5 Methods to Force Yourself to Save

by Matt B

We all know how hard it is to save money. We also know that it can be done, no matter how much money we make. It may take every ounce of discipline you have to force your savings. You may even have to sacrifice things you have become accustomed to having. Here are 5 effective ways to make yourself save that-if done properly, will create more savings that you would not have ever thought possible.

Pay Yourself First-
Every paycheck, you probably gather your bills and figure out how much money goes toward each of them. This often leaves you little to nothing left over. Are you working for people you owe, or are you working for your future? If you are not paying yourself, you are cheating yourself. If you have direct deposit, and your income is relatively predictable, paying yourself first can be very easy. Where to stash the money that you are paying yourself with becomes another issue…read on for ideas for this money. For a wealth of information about paying yourself first, read The Automatic Millionaire: A Powerful One-Step Plan to Live and Finish Rich
by David Bach. Read my review HERE.

Get an online account that you will “forget” about
I have mentioned online savings accounts before, but have not detailed how to fund these accounts. This is the first stop for your pay yourself first funds. I recommend that you allocate a percentage of your take-home pay be deposited to an institution separate from where your primary checking account is held. This makes you less likely to be tempted to dip into your savings for “wants”. Online accounts are very easy to set up and fund, but if you are stuck in a hard place, you will usually have to wait 2 business days to have your money transferred. Although you may think, “I can not afford to lose anything from my income”, chances are that if you start an outside savings account, you will adjust quickly to the money that is no longer right at your fingertips. More importantly, you are beginning habits that will benefit you greatly in the long run.

Direct deposit is one of the greatest tools offered to us. We can put away money, allocate it to different sources, and easily contribute to savings without conscience thought. Full automation of our financial structure requires quite a bit of work, and I am still working on mine, but what I have done thus far could not be more beneficial. Although I do not make much money, I still have automated MOST of my savings. Here’s how it looks:

Use CD’s, IRA’s and 401k Plans-As you can see above, I take 10% of my pre-taxed wages and put it into my 401k (even though my employer only matches 5 percent). To me, this is only a part of my “pay yourself first” money. I then take approximately 10% of my net (post-tax) pay and have it deposited into my online savings account. Although it appears to be 20% right off the top, it is actually less than that. Since the 401k funds are not taxed, I am only giving about 7% (not 10%) and not paying the government “their share” of that 3% in my wages. Saving without paying taxes is a great benefit that far too few people take advantage of.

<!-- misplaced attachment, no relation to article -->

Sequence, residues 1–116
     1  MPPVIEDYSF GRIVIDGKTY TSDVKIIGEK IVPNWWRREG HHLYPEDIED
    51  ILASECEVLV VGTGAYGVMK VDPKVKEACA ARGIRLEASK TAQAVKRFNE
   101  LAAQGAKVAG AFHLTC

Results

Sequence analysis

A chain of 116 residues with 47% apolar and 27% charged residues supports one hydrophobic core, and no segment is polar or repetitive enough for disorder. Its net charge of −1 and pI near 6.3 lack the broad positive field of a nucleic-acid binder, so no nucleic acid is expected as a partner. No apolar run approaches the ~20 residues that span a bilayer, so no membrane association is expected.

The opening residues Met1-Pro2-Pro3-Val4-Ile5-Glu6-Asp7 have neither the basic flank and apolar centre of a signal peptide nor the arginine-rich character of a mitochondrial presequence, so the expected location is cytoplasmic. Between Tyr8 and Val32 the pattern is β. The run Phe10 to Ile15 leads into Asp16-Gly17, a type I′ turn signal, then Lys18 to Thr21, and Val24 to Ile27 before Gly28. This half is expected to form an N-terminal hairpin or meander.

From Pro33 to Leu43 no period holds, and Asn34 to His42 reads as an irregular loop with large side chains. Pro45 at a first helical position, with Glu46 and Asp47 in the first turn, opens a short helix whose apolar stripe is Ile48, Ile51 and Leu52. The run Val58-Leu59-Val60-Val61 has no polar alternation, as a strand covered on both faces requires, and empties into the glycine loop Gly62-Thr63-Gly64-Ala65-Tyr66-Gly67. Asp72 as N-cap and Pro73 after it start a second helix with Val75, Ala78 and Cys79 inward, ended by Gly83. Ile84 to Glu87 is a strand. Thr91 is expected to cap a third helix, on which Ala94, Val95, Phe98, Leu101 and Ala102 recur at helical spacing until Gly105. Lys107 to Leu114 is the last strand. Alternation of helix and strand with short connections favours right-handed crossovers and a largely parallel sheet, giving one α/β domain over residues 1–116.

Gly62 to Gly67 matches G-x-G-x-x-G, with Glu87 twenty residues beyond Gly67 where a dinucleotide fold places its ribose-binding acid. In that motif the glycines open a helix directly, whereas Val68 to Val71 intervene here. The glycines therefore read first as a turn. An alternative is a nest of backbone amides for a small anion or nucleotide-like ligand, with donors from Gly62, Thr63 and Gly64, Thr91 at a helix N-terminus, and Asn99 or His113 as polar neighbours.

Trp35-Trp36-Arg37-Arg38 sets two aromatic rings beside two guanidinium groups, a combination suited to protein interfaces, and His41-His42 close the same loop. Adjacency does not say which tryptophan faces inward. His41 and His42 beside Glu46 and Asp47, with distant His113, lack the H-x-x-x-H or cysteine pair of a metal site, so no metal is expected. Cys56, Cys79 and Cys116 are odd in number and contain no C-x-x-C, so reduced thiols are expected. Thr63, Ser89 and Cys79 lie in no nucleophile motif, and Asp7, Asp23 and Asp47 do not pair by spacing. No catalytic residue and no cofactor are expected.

IRA’s can play a similar role to 401k’s, but your employer will not set it up or make the contributions automatic for you. For more IRA information, read my post from last week HERE.
CD’s are much different than IRA’s and 401k plans, but are still a good way to lock up savings temporarily, and get a better rate of return than your regular savings account. CD’s or Certificates of Deposit are timed deposits offered by banks and credit unions at a guaranteed interest rate. When you open a CD, you are essentially loaning the bank your money for a pre-determined length of time. In return, the institution offers you a set rate of return. (For current CD rates and terms, check out BANKRATE).

Get rid of debt-
You can not build savings while paying too much in interest. If you have credit cards with a balance, your FIRST priority should be paying them off. That does not mean sacrificing savings entirely, but it does mean pumping everything you can into your balances. Once you have a solid emergency fund established, (see: How Much Money Should I Save?) attack your cards. Once they are paid, attack your car payment. Interest payments could be crippling you without your knowledge. You could easily be paying more in interest than you are saving, so gather all of your bills and calculate how much you are paying in debt. Devise a plan to attack it, and once it is gone, you will have tons of extra money to save or invest every month.

  • Using these methods is a great way to force savings, and watch your money grow. The biggest keys to making this work are automation and initial setup. Before long, this system will be working for you without any effort on your part. You will not be tied down thinking about how much you need to save, and constantly fighting not to spend. Take it slow, and make it right for you. Play with these methods until you have the right setup for yourself. Set goals, short and long term. Track your goals. There is no better feeling than hitting your savings goals, even if you start off small.
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